Although not known for certain, it's believed that Ms. Christensen is the only advanced practice nurse in the United States performing colonoscopy. Non-physician sigmoidoscopy, however, has a relatively lengthy history in the United States. Advanced practice nurses have performed sigmoidoscopies since 1972, although the practice did not grow until the mid-1990s.1 However, even now, relatively few hospitals have nurse flex sig programs.
In fact, some of the respondents to our reader poll (see "Is Nurse Endoscopy Safe?" on page 32) were not aware that any nurses performed flex sigs. "I would like to know where nurses perform sigmoidoscopies," says Ellen Smith, RN, the director of surgical services at Morehead Memorial Hospital in Eden, N.C. "It's never been done at any hospital I've worked." She voices concern that sigmoidoscopy, like colonoscopy, is a specialized procedure with a "considerable learning curve and immense potential for harm."
Reader opinions on nurse sigmoidoscopy tended to be most favorable among those familiar with the literature on the practice. "There's no question that advanced practice nurses can do it. Numerous good studies in the literature have borne this out," says Edwin Montell, MD, a GI surgeon and a physician-owner of Hilo Gastroenterology Associates in Hilo, Hawaii.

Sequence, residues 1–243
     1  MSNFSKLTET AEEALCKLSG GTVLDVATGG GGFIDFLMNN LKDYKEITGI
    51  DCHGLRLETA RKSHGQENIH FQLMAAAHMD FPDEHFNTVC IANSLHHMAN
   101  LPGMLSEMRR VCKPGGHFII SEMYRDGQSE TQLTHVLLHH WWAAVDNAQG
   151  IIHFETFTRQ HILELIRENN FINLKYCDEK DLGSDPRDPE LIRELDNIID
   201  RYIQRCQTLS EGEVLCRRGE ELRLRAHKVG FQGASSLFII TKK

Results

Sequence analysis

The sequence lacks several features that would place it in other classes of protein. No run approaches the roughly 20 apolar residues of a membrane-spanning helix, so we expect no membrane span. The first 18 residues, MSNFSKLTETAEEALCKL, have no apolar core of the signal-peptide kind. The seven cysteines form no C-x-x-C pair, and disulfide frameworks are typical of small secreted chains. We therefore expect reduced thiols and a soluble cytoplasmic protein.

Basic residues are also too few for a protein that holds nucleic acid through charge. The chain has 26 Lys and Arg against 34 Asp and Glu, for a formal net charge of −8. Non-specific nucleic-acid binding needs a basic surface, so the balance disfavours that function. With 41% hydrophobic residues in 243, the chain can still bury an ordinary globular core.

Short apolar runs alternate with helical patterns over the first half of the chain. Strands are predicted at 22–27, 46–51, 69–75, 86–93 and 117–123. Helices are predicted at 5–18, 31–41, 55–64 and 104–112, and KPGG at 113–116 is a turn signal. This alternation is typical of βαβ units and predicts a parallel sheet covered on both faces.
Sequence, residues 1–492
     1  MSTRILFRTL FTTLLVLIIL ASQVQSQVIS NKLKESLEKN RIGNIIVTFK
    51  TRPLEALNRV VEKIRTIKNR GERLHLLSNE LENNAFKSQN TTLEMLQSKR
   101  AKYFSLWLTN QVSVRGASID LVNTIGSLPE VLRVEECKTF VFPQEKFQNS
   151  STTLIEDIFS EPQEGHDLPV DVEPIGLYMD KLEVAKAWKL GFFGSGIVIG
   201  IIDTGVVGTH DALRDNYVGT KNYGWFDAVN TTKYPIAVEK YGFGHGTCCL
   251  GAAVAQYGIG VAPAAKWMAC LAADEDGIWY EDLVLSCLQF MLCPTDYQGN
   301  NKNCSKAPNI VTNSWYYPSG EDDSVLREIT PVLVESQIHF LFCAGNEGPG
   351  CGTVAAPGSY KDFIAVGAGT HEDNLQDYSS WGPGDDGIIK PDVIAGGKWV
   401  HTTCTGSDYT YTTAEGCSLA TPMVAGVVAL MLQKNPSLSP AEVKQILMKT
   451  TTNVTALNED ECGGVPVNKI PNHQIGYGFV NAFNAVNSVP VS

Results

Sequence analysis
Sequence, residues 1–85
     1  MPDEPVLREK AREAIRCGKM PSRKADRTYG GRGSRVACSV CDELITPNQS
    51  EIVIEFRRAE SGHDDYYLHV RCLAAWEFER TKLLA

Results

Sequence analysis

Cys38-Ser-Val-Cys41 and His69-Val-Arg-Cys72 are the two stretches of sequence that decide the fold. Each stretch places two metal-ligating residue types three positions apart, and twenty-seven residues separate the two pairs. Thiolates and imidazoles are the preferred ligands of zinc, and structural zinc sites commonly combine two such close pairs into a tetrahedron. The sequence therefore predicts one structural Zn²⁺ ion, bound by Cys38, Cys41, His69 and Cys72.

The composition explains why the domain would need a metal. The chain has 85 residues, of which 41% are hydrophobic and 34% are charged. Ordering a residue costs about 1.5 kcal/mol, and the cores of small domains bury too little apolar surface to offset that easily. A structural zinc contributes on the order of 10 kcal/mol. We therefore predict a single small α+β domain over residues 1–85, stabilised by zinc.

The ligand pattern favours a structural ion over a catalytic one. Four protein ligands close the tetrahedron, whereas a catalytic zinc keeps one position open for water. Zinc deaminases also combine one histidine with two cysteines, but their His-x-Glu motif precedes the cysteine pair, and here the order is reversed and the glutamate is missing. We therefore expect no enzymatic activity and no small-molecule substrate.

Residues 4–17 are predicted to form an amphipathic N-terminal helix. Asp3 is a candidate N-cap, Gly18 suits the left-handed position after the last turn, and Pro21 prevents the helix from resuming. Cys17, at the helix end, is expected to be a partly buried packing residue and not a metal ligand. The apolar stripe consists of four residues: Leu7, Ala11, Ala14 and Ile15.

Perhaps most notably, a randomized study by Philip Schoenfeld, MD, and colleagues compared 328 flexible sigmoidoscopies performed by gastroenterologists and nurse endoscopists.2 A gastroenterologist blinded to the identity of the first endoscopist performed a repeat sigmoidoscopy to determine the frequency of missed polyps. The result: The GI docs and nurses had virtually equivalent miss rates for adenomatous polyps (20 percent versus 21 percent), although the gastroenterologists typically inserted the sigmoidscope further than their nurse counterparts (61cm versus 55cm). There were no complications for any patients in the study.
Jane Allaire, RN, CGRN, the assistant nurse manager at the National Naval Medical Center (NNMC) in Bethesda, Md., and a director of the Society of Gastroenterology Nurses and Associates (SGNA) was one of four nurse endoscopist prot'g's Dr. Schoenfeld trained in the mid-1990s. SGNA came out in 1996 in support of developing protocols for nurses to perform flex sigs for colon cancer screening (download updated standards and safety guidelines at www.signa.org/resources/FlexSigdoc.html).